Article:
News Analysis

BERLIN — Weird was the best way to describe German Chancellor Gerhard Schroeder’s tactic: to urge his parliament to vote “no confidence” in his own government. He succeeded. Now, if President Horst Koehler goes along, Schroeder will get what he sought — new elections in September, a year earlier than required.

The comic aspect of what looked like political suicide was that every party in the Bundestag, if for very different reasons, agreed that the present coalition government of Social Democrats and Greens should be voted out.

The “opposition” — right-wing Christian Democrats and the small allied Free Democrats — want to get back into power. A majority of Social Democrats and Greens reluctantly voted “no confidence” because Schroeder told them to. Having lost one state election after another, Schroeder now hopes for a new chance. If not a victory next September, then perhaps a “grand alliance” with the Christian Democrats and without any Greens.

All the party leaders made moving speeches. Schroeder said he did not want to continue his great “reform program” without the confidence of the voters and his own party. His opponents pointed out that this “reform program” had thus far resulted in unemployment levels unmatched since World War II. While they didn’t say so openly, many want even harsher cuts in social gains won by working people over many decades.

Foreign Minister Joschka Fischer, representing the Greens, loudly lambasted the Free Democrats. He knows new elections will almost certainly push his party out of government positions they have been sharing with Schroeder’s team.

So they all blasted away at each other, without dwelling on the fact that they had all basically agreed on the whole brutal strategy.

Amazingly, this situation was caused by the same old specter which has been haunting Europe around for a century and a half. Or at least by its cousin. According to old Karl Marx in 1848, the specter was communism. The new variant is not exactly that. Gesine Lötsch, one of the Party of Democratic Socialism’s (PDS) two Bundestag representatives, did not call for communism or even socialism. But she did use her limited speaking time to attack both sides of the chamber and their whole joint policy of chopping away at the rights and incomes of the working people and favoring the super-wealthy, so as to “attract investments” and “keep jobs in Germany.”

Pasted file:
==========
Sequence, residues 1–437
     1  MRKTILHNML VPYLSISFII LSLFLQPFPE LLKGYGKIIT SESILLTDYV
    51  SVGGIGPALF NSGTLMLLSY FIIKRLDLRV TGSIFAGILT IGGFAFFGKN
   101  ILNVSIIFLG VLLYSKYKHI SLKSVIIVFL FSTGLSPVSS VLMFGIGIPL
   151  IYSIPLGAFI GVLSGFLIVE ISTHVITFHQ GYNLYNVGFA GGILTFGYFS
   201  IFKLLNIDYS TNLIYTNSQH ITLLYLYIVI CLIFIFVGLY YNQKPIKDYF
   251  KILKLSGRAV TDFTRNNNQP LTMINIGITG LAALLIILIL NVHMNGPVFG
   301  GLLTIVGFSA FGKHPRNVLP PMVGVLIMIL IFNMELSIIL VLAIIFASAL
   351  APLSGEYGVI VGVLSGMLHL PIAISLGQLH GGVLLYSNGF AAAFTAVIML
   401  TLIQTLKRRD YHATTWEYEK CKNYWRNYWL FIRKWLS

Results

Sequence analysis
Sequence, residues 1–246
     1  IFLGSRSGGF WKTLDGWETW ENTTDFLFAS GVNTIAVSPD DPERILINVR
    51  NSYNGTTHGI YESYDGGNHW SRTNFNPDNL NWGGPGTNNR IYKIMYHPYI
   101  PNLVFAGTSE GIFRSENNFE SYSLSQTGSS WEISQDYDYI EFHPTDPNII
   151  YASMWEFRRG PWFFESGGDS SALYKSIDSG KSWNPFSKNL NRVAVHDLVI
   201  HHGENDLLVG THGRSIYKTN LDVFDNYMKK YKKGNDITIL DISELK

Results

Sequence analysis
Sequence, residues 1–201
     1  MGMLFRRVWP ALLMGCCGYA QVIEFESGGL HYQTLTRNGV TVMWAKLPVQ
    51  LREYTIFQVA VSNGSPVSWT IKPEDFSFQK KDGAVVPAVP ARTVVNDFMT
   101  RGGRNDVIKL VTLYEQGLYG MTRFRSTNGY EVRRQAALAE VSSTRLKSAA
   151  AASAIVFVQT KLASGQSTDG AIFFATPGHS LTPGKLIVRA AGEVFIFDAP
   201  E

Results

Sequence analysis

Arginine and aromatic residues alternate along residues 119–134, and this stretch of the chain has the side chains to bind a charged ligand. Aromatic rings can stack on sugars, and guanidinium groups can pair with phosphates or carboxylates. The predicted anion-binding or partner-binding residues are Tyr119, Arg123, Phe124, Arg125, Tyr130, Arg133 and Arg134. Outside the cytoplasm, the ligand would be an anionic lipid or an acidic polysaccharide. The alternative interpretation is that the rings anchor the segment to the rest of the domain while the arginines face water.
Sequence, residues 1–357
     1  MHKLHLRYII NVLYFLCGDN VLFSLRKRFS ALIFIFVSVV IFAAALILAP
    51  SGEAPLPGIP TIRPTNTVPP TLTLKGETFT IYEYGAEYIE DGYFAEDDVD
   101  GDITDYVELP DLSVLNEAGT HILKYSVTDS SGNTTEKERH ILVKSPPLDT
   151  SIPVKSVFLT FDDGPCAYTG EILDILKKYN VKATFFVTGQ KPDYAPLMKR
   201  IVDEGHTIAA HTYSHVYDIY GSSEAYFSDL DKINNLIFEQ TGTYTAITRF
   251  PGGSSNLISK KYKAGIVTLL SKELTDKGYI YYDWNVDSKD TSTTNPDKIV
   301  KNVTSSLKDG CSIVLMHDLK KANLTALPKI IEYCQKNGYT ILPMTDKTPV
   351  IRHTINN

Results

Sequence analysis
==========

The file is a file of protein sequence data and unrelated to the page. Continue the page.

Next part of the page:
This strategy could only be a flop, she said: a new election would make it possible to have a real left opposition after September in the next Bundestag. The other deputies usually tune-out speeches by the PDS. But this time they listened, fearing her words might come true. Hardly one speaker from the ruling or would-be ruling parties failed to mention this possibility, or what they called a “populist menace” — a word they use to lump it together with the neo-Nazi menace.

Their fears are caused by current talks on combining the PDS with the new Election Alternative for Jobs and Social Justice (WASG). The former, the greatly altered offspring of the ruling party in the old German Democratic Republic, often gets 25 percent and more of the eastern vote, but so little in the west that in the last election it could not meet the requirements for proper representation in the Bundestag. The new WASG consists of left-wing Social Democrats, local union militants, some Greens and assorted groups such as Trotskyists. In a state election in May they got over 2 percent of the vote, not large, but a fair start.

Since they are stronger in western Germany, even this amount, plus the PDS’ East German votes, could put them all into the Bundestag. In fact, present opinion polls give such a new coalition 8 percent to 11 percent of the national vote.

But many issues remain unresolved. Should the new alliance be forged only for this one election? Should it result within a few years in a single party? What should it stand for, and who should be the candidates? And what should it be called? PDS-The Left? Democratic Left? Is it politically viable?

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